Thursday, August 25, 2011

TWIOT: Joey Vento and Learning to Accept Humanity

Vento: Xenophobe or philanthropist? How 'bout both?
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Joey Vento, the founder and owner of Geno's Cheesesteaks in Philadelphia, died Tuesday night of a massive heart attack. Over the past two days, I've seen two types of obituary for him. One eulogized him, focusing on his impact in the development of the cheesesteak as a cultural icon of Philly or his generous donations to charity. The other denigrated his contributions to the cheesesteak, calling his product mediocre and fast food and gravitating towards his overt xenophobia, building the straw man of people going to his stand and trying to order in another language other than English to hide his obvious disdain towards Mexican and Vietnamese immigrants taking over the Italian Market. In death, much like in life, Vento polarizes.

That being said, which extreme the valid one? Thing is, they're both valid. The cheesesteak, like any other thing that is created for people to consume for their enjoyment or sustenance, is a highly subjective thing to judge. Even taking that out of the equation, it's a stone cold fact that he donated millions of dollars to several charities over the years. It's also a fact that he made people feel uncomfortable based solely on their ethnic background, whether they were native citizens of this country or whether they had come here from a different country, looking to make a start for themselves, much like Vento's ancestors did when they came over here from Italy. So, to reiterate, which extreme is the valid one? Was Vento a humanitarian or a racist? The answer is neither.

Joey Vento, like you, or I, or anyone else for the most part, was a human being.

Our vast array of imperfections make us all varying pastiches of virtues and foibles, scant few among us complete saints and maybe a few more but still not a whole lot among us as vile bastards. Some of our shortcomings can be unforgivable. I mean, you don't pump up Father O'Malley's priest work when the reason he ostensibly joined the cloth was to fuck little boys with near-impunity. That begs the question though, how much of his ignorance is wiped out by his charity? Or conversely, how much of his charity is wiped away by his ignorance?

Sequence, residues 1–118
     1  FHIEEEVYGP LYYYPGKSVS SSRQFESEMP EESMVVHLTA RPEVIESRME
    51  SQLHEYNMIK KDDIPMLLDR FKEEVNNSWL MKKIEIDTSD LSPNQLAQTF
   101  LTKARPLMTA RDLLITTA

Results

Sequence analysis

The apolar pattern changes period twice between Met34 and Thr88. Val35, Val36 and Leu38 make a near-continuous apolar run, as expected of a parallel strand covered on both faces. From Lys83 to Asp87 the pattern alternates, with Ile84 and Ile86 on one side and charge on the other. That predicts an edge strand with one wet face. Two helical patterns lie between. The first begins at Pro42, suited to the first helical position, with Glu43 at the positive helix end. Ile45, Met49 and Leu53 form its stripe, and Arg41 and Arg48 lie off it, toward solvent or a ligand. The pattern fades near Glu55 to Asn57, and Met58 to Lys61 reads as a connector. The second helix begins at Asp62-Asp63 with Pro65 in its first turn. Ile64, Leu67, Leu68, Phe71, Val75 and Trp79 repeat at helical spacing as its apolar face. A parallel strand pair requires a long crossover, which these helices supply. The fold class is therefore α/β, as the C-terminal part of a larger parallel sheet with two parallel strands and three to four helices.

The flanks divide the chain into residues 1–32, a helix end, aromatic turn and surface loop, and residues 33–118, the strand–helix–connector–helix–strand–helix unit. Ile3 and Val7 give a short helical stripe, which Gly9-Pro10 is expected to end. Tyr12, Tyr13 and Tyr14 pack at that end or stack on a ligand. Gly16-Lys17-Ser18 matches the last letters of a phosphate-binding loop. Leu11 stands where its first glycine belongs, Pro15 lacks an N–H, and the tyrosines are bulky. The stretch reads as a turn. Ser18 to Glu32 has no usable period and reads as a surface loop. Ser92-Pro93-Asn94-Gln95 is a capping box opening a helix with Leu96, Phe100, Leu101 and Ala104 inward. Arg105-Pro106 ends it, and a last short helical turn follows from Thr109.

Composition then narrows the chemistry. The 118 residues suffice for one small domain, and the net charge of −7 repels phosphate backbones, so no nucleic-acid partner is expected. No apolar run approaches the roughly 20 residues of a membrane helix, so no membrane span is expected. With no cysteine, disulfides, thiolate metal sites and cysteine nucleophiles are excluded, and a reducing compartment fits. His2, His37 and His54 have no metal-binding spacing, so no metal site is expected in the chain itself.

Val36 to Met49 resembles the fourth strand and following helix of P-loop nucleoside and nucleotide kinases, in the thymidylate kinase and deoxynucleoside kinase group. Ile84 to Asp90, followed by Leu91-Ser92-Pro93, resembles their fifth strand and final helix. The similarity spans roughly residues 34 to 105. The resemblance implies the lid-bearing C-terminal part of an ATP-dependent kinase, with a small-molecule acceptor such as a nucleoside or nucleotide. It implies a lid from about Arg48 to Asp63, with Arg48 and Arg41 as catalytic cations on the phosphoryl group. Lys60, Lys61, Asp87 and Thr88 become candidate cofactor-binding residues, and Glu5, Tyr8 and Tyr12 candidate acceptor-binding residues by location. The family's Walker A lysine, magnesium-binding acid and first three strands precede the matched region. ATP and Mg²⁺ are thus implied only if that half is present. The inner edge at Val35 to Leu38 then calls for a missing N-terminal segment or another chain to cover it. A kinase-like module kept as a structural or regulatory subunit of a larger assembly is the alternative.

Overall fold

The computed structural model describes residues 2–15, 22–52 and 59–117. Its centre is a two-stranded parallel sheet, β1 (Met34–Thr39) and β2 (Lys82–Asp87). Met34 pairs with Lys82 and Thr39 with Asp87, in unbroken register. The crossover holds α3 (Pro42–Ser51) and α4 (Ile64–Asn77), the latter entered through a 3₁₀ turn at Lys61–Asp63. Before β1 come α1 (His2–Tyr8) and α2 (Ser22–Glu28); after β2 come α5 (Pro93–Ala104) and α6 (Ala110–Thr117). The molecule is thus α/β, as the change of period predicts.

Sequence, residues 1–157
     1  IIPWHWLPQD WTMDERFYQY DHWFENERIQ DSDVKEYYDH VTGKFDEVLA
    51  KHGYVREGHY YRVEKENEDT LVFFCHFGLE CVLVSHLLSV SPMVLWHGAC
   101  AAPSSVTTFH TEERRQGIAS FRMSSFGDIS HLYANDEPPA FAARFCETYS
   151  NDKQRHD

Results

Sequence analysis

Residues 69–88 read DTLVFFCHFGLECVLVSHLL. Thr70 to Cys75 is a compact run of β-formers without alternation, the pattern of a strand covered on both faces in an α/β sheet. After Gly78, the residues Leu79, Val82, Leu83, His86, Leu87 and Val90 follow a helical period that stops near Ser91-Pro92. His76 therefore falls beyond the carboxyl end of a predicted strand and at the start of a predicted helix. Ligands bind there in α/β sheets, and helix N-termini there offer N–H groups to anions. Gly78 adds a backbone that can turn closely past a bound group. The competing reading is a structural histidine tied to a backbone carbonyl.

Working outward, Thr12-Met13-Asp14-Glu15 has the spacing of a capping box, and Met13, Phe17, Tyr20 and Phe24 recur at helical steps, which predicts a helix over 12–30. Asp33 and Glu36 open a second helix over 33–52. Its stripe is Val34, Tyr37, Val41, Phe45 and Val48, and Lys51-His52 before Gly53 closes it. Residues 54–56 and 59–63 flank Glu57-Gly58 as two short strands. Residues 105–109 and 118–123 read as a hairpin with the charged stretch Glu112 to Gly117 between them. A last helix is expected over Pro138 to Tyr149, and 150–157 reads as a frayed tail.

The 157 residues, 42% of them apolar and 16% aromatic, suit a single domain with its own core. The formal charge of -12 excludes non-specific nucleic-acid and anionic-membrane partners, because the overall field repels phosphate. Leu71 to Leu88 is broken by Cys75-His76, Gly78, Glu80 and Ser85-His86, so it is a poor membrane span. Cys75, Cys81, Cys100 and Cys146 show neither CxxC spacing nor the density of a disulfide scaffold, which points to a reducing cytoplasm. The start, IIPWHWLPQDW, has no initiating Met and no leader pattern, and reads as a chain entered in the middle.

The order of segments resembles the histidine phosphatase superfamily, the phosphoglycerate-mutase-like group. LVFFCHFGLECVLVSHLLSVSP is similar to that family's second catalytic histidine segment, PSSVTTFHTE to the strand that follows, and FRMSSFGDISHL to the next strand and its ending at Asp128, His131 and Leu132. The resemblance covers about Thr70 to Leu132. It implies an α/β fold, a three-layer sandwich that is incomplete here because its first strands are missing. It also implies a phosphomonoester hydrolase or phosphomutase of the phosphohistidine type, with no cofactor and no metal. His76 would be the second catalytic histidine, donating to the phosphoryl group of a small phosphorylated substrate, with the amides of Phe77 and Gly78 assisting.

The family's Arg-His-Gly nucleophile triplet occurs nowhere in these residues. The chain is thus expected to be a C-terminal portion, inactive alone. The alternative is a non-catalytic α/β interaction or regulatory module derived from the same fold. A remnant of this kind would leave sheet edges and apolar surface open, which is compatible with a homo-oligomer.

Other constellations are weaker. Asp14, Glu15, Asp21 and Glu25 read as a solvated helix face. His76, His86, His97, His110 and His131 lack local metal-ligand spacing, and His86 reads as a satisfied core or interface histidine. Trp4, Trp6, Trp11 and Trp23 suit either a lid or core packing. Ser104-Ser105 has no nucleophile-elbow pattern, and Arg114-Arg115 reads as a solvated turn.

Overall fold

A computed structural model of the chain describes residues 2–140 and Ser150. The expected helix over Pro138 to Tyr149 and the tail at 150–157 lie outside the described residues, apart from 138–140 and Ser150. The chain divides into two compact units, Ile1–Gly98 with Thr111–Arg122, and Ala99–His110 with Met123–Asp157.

To wit, Vento's act never really manifested itself in refusing anyone service on the basis of their linguistic skills. Again, it was more a straw man reaction to the "denigration" of his old neighborhood (which of course was built upon "denigration" of old WASP neighborhoods when the Italians settled there). Also, among the charities he donated to was Elton John's organization to help out AIDS victims in Africa, so it's not like he acted on any racism he may have held.

Then again, what's the price to buy out your conscience when you're so blatantly polarizing to a group of human beings who just want to make better lives for themselves? I mean, let's ignore the fact that it's bad business to turn people away because their English isn't as good as yours (and let's face it, if Vento was like the stereotypical South Philly Italian, his English isn't exactly up to the same standards as the Queen's either). It's hard enough to learn a new language in a new country if you're an adult to begin with. To have the extra social stigma attached to it by people who don't know where they came from makes the situation even worse. To exclude someone that you don't even know because they're different from you is pretty fucked up if you ask me.

The thing is though, neither of the questions above can be answered quantitatively and objectively. Everyone is going to have their own answers. Everyone is going to come to their own conclusions. This isn't Adolf Hitler who just died, nor was it Mahatma Gandhi. It was a flawed guy who did some good things, and hey, he made cheesesteaks too. (Mediocre-to-bad ones in my opinion, but that's neither here nor there)

I guess I mean to say that I don't agree with the sniping back and forth, but I do understand it. I mean, people have a nature to be combative, I think. Vento personified that with his "This is America, speak English" signs he posted all over his steak shop. Both reactions are valid. He's a guy who did some shitty things, but he did some really good things too. Maybe the best way to mourn him would be to accept that we're all fucked up in our own ways, and the best we can do is try harder to be better people. Accept that humanity, because really, it's what we really are, not paradigms of good or evil, but human beings.

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